Social and emotional learning plays a big part in understanding children's behaviours


Identifying, understanding and guiding children’s behaviour is a critical part of educating and caring for children. It is important to develop positive strategies to encourage children and help them to learn appropriate ways of behaving. Children display a range of different behaviours that are a reflection of their perception of their current situation physically and emotionally. These behaviours are not always easily understood and may appear to be deliberately challenging or negative. This is not the case. Social and emotional learning (SEL) and resilience programs for children give a deeper insight into what the behaviours mean, and how to engage with children to best develop their emotional and coping mechanisms.

Children are constantly learning how to engage with the world around them and manage their emotions. A large part of this is learning how to conform to the behavioural expectations of their parents, teachers and peers. It is natural for children to express their emotions or try to achieve their goals in ways that may be challenging due to a lack of understanding of the meaning of their expressions or the effect their actions may have on others. This is a normal part of a child’s development and can usually be addressed through daily behaviour guidance and practicing with different situations and reactions.

What is normal behaviour for children?

There really is no definition of “normal” behaviour when it comes to children and learning. Social and Emotional learning (SEL programs for children) teach us that we all engage in behaviour that challenges others at times, it is part of the human experience. Normality depends on factors such as a child’s age, their personality, emotional development and the environment they have been brought up in. In general, a child’s behaviour can be considered normal if it is socially, developmentally and culturally appropriate. A child’s behaviour may not meet societal or cultural expectations, but meet normality standards by being age-appropriate and not harmful.

What is behaviour guidance?

Behaviour guidance is the amalgamation of all of the things you say and do in order to help children learn and demonstrate acceptable behaviours. The aim of behaviour guidance is to empower children with the ability to better control their own behaviour, relying less on the adults around them to do it for them. Resilience programs for children aim to help children to not only understand what behaviours are acceptable and unacceptable, but also to develop the self-control to exhibit these behaviours independently. Whereas punishment can be disrespectful or harmful to a child’s emotional responses, guiding behaviour is always respectful of the child and aims to develop their own responses more effectively. When educators and parents adopt a positive and active approach to behaviour guidance and encourage children to aspire to success, develop a positive sense of self and increase competence, their challenging behaviours are often naturally reduced.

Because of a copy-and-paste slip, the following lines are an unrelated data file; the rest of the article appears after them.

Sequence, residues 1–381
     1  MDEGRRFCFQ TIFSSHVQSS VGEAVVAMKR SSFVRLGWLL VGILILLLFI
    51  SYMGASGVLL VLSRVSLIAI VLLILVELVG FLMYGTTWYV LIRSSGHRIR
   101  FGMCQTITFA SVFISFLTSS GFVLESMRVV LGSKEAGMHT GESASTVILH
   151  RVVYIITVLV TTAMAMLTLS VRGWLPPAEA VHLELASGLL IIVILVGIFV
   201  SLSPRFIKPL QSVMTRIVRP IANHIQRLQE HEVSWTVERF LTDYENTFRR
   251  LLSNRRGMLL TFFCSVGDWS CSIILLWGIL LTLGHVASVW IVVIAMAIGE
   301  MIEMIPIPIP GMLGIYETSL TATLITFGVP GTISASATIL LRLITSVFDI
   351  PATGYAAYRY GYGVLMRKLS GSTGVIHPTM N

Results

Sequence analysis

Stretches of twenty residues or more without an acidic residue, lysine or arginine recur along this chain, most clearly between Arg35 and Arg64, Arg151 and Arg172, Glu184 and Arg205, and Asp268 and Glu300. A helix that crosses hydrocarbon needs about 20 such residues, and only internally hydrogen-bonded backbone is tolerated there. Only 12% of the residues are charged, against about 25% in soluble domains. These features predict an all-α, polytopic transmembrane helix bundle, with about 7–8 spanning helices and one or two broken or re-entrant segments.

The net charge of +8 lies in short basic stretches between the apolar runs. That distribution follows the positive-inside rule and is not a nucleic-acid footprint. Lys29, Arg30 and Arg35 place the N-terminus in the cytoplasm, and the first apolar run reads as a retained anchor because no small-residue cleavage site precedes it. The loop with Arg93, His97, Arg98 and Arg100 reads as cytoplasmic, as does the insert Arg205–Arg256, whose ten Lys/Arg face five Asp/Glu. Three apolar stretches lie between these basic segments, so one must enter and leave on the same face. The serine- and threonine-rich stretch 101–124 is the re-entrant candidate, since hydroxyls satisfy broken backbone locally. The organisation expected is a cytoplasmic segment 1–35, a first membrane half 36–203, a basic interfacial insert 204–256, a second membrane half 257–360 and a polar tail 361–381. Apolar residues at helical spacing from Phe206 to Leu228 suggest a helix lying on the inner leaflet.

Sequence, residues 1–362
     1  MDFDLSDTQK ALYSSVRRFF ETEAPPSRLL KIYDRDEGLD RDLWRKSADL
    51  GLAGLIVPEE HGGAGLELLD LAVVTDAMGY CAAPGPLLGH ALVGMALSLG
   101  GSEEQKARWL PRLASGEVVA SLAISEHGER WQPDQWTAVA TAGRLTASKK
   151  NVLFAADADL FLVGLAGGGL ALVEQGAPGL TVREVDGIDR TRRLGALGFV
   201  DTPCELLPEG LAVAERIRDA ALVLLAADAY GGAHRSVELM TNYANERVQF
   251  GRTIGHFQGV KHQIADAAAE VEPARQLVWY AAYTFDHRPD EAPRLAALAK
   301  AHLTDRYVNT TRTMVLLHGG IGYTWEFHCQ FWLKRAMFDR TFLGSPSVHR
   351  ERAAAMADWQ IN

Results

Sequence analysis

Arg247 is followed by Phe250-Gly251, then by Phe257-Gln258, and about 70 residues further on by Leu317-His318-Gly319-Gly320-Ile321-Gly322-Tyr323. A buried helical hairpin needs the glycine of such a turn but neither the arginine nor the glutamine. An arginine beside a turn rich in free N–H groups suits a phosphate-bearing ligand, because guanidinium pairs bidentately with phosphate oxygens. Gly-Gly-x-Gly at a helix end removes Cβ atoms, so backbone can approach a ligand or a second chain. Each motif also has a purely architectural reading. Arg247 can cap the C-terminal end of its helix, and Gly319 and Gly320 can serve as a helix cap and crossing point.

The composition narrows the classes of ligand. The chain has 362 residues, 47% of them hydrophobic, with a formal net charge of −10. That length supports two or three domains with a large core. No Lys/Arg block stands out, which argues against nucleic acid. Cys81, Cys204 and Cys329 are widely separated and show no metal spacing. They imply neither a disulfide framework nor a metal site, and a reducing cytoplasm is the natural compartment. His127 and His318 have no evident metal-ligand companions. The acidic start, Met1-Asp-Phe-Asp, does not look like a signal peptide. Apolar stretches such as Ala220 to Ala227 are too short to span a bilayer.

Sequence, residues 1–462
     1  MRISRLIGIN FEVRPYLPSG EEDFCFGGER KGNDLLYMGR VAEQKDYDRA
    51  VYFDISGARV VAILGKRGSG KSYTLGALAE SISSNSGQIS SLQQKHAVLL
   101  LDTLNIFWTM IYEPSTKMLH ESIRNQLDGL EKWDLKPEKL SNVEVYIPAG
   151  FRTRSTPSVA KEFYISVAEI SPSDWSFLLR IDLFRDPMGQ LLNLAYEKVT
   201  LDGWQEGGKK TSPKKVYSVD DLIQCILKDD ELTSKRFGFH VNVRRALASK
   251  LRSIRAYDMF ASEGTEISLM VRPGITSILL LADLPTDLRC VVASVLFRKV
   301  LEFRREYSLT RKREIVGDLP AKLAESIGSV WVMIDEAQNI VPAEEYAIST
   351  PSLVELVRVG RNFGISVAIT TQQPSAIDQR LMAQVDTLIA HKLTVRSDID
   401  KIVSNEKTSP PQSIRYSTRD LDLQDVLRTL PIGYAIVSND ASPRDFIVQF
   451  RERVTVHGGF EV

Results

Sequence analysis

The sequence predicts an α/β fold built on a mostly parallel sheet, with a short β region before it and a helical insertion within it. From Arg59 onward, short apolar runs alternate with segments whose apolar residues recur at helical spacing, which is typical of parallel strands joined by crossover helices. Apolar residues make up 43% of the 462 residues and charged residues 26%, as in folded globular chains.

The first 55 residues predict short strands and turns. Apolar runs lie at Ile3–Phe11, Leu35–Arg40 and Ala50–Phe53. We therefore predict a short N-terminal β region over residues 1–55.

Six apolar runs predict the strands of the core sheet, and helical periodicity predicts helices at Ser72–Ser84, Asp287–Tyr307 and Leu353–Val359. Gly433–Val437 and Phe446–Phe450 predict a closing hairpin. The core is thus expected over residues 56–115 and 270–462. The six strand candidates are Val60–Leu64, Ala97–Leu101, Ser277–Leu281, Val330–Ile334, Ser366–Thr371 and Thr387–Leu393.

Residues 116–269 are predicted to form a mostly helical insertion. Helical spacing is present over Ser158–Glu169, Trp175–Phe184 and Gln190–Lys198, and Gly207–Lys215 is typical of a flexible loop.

What are some examples of challenging behaviours?

Many young children have tantrums and some children can demonstrate other behaviours like ignoring their parents. Remember that all behaviours are a form of communication for your child, in each action they are to trying to tell you something. By undertaking a social and emotional training program such as Wings to Fly and observing and learning to understand your child better, you will be able to pinpoint exactly what these behaviours are trying to tell you.

How can I help my child learn to guide their behaviour?

Children are constantly learning and evaluating the world around them. They learn more from observing your behaviour directly than they do from telling them how to behave.

It is important to let children know when they are engaging in positive behaviours. Resilience building and SEL programs teach us that guiding behaviour in children is teaching them the behaviours you would like them to demonstrate, rather than what you don’t want them to do.

Children love to know the why. Children need to understand what is acceptable, what is not and the reasons why. The answer to why you cannot pull someone’s hair to get them to move might be obvious to you, but to a child this level of understanding is not often understood until it is explained.

Remember, before you label your child as bad or their behaviour as abnormal, attempt to understand the child’s behaviour to determine the root cause. By engaging in social and emotional learning programs, resilience programs for children, mindfulness and behaviour programs you will be able to get a better understanding of your child’s emotions and needs, and help them to develop their own emotional responses and self control, giving them the wings to fly.

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